NEW YORK STATE MEDICAID PROGRAM PODIATRY PROCEDURE CODES - eMedNY

 
NEW YORK STATE

MEDICAID PROGRAM

    PODIATRY

PROCEDURE CODES
Podiatry Procedure Codes

                                             Table of Contents
GENERAL INFORMATION AND INSTRUCTIONS ........................................................ 3
MMIS MODIFIERS ........................................................................................................ 12
LABORATORY SERVICES PERFORMED IN A PODIATRIST'S OFFICE ................... 13
MEDICAL SERVICES ................................................................................................... 14
   EVALUATION AND MANAGEMENT CODES ........................................................... 14
SURGICAL SERVICES ................................................................................................ 24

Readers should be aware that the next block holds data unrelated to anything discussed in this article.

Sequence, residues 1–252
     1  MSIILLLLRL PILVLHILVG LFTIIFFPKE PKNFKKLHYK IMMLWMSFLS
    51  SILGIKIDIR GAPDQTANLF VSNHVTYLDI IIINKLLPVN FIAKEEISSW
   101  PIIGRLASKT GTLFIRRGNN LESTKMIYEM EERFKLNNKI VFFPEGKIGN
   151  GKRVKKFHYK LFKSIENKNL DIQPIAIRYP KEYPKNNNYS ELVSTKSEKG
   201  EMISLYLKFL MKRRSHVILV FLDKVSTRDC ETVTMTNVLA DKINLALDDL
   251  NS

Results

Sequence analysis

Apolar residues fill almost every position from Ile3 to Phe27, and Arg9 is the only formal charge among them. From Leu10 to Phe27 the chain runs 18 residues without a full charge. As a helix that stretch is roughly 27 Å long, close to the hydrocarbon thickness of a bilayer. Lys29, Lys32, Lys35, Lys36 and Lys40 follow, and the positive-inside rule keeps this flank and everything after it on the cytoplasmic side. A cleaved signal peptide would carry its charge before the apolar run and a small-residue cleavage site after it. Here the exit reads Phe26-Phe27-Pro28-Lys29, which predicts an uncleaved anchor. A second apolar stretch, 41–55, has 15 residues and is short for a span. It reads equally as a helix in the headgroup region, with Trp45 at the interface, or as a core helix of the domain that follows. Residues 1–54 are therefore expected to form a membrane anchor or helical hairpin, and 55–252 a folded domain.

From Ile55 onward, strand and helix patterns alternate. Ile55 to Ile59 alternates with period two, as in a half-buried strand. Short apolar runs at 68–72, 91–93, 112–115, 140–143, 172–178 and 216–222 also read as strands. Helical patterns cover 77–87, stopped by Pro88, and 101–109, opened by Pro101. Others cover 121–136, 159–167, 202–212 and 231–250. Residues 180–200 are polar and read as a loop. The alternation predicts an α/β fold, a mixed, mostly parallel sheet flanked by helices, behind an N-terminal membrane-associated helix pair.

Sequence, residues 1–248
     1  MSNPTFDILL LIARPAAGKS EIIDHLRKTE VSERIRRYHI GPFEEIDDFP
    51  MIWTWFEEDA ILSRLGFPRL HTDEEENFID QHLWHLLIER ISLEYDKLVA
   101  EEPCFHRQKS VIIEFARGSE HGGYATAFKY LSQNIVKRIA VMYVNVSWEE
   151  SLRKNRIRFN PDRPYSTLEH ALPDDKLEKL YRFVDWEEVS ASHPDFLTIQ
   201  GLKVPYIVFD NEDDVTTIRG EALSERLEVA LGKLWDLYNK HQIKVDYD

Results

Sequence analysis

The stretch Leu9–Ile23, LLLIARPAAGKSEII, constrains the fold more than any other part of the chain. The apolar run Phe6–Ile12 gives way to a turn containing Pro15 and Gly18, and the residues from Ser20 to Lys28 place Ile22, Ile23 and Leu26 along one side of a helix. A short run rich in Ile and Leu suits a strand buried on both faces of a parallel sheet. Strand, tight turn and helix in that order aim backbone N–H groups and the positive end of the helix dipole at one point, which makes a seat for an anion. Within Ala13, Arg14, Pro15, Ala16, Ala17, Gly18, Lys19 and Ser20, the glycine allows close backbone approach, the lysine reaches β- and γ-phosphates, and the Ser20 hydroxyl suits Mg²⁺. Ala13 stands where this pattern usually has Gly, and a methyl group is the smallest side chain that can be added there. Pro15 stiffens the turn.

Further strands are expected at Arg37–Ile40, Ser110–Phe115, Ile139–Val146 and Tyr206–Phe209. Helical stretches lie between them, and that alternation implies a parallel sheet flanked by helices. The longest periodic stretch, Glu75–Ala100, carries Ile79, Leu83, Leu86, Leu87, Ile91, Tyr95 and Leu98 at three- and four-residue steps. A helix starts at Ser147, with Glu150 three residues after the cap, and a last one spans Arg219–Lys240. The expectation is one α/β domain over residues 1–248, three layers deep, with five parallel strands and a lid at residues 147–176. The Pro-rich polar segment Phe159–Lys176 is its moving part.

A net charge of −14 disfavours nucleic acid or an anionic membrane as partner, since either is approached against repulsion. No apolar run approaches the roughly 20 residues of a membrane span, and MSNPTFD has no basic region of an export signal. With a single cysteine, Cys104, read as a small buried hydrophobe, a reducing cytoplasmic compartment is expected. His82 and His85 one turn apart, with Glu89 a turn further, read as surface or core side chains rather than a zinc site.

INTEGUMENTARY SYSTEM.................................................................................... 24
   MUSCULOSKELETAL SYSTEM............................................................................... 25
   FRACTURE AND/OR DISLOCATION ....................................................................... 26
   AMPUTATION ........................................................................................................... 26
   APPLICATION OF CASTS AND STRAPPING.......................................................... 26
   PERIPHERAL NERVES ............................................................................................ 26
RADIOLOGY SERVICES.............................................................................................. 27
MISCELLANEOUS ....................................................................................................... 27

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GENERAL INFORMATION AND INSTRUCTIONS
   1. CLASSIFICATION OF EVALUATION AND MANAGEMENT (E/M) SERVICES: The Federal
      Centers for Medicare and Medicaid Services (CMS) has mandated that all state Medicaid
      programs utilize the new Evaluation and Management coding as published in the American
      Medical Association's CPT.

       For the first time, a major section has been devoted entirely to E/M services. The new codes
       are more than a clarification of the old definitions; they represent a new way of classifying the